Brakes are discs all around and ABS is available. The wheel covers on my test unit were a tad, well the word "ugly" comes to mind, but the suspension rocks. It features MacPherson struts up front with a multi-link rear and it balances comfort and fun nicely – tilted a bit toward fun and that suits me just fine. Again, think Mazda 3.
Steering is power-assisted rack-and-pinion, and it offers a very nice feel – and it also points the car nicely where you want to go (which always comes in handy!).
The Touring doesn't look a lot like the regular Elantra. Instead, its flowing curves and strong character lines, coupled with a very different grille with a big air intake under it, make it look broader and more hunkered down – more ready to ride! It also features projector-type headlights and fog lights, and its vertical tail lights are attractive in a Volvo-ish way – which used to be a bad thing but which is no longer.
Hyundai says the Touring was conceived of as a driver's car first and foremost, a thinking that extends to the comfortable and functional interior. While my test unit didn't have steering wheel-mounted audio controls (though they're available) and that meant the audio system was a long reach for my stubby little arms, for the most part everything is where it should be and appears designed for easy use.
The instrumentation, which includes big analog gauges, is clear and legible at a glance (and features an attractive blue lighting scheme), the driver's seat is very comfortable and the driving position is optimized by a tilt/telescoping steering wheel. Seats are nicely bolstered for cornering and the fabric is of good material and doesn't act like a magnet for pet hair. The front seats are height adjustable and provide good lumbar support.
I wouldn't want to put three people in the back seat for a long highway drive, but that's pretty well standard for this class of vehicle.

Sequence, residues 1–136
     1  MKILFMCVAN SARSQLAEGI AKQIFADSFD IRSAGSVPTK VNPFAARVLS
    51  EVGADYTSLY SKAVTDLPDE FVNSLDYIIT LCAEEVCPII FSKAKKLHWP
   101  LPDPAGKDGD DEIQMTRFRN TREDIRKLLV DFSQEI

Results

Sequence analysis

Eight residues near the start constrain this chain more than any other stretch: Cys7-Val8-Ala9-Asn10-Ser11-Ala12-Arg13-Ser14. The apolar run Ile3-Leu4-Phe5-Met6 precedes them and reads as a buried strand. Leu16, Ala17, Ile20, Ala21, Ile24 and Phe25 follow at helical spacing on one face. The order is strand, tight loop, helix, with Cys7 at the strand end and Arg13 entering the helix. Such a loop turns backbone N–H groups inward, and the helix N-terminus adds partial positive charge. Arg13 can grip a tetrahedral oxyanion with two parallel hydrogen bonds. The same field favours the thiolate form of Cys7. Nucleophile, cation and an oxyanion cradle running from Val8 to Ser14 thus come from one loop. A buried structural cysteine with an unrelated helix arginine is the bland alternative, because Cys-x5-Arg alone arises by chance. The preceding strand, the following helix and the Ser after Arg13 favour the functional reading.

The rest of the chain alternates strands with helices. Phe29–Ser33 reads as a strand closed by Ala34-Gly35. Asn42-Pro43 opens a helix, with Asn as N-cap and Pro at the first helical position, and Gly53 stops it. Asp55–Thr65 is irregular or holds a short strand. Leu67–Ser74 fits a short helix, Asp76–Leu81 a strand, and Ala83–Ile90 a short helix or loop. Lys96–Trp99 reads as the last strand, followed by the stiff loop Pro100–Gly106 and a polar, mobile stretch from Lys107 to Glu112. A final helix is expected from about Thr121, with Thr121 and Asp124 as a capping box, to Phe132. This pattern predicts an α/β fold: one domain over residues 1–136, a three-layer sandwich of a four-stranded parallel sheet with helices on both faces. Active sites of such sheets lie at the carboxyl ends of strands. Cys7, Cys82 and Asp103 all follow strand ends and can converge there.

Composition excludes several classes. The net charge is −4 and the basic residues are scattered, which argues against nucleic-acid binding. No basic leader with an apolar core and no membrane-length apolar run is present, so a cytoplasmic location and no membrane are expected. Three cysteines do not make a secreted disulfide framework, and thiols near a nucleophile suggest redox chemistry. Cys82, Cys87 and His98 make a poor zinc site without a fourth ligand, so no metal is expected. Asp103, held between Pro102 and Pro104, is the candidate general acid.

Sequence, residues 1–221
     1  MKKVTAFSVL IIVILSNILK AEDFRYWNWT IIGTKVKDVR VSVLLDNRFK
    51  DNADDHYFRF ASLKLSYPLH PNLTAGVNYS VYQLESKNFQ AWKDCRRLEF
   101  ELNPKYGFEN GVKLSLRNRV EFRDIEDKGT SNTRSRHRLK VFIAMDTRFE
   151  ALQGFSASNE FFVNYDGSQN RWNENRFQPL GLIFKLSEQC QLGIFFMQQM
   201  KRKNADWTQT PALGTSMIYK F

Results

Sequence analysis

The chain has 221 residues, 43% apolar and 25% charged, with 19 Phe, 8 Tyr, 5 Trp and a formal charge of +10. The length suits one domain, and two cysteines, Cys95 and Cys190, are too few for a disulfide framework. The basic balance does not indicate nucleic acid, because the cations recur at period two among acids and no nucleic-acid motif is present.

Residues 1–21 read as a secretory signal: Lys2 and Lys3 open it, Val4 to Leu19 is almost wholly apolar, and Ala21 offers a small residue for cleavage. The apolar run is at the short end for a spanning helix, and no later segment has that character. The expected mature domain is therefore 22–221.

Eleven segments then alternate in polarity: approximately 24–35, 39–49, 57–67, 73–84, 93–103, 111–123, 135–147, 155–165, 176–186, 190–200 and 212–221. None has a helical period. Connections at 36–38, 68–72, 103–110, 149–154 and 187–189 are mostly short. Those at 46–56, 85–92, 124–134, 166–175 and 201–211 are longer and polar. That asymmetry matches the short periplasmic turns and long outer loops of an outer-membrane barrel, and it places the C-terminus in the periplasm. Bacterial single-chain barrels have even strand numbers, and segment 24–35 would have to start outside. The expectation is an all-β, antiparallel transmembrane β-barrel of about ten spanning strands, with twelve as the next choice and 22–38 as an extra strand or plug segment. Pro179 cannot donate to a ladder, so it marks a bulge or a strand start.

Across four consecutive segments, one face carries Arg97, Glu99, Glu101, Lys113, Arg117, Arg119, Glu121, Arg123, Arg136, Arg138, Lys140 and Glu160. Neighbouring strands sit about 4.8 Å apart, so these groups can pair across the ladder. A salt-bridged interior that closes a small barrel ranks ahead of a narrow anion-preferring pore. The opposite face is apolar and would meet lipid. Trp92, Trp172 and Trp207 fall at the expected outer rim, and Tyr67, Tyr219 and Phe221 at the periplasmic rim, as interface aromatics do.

I thought the black interior of my test unit was a tad forbidding-looking, but no worse than other cars I've driven. The good news is that the stereo is surprisingly good for standard equipment and my test car's had USB and AUX inputs.
Hyundai also throws in – well, includes in the price – power windows, one touch down for the driver's window (but no one touch up), keyless remote entry, cruise control, etc. And there's plenty of storage space, especially since, as a wagon with a split/fold rear seat, you can open up a virtual cavern behind the front seats.
I really hadn't expected to like this car nearly as much as I did. Heck, my test unit didn't even have all the bells and/or whistles available – it didn't even have a sunroof – but it was a great little car to drive, efficient and fun and with enough carrying space to please people looking for a small wagon in this class.
Nicely done, Hyundai!
It's a relative steal, too, starting at (according to their U.S. and Canadian websites) $17,800 U.S./$14,995 Canadian and going up to about $20,100 U.S./$22,395 Canadian optioned up. You can save about a grand by opting for the five speed manual, which I would recommend doing if you're looking to maximize the élan of your Elantra.
Copyright 2009 Jim Bray
We welcome your comments!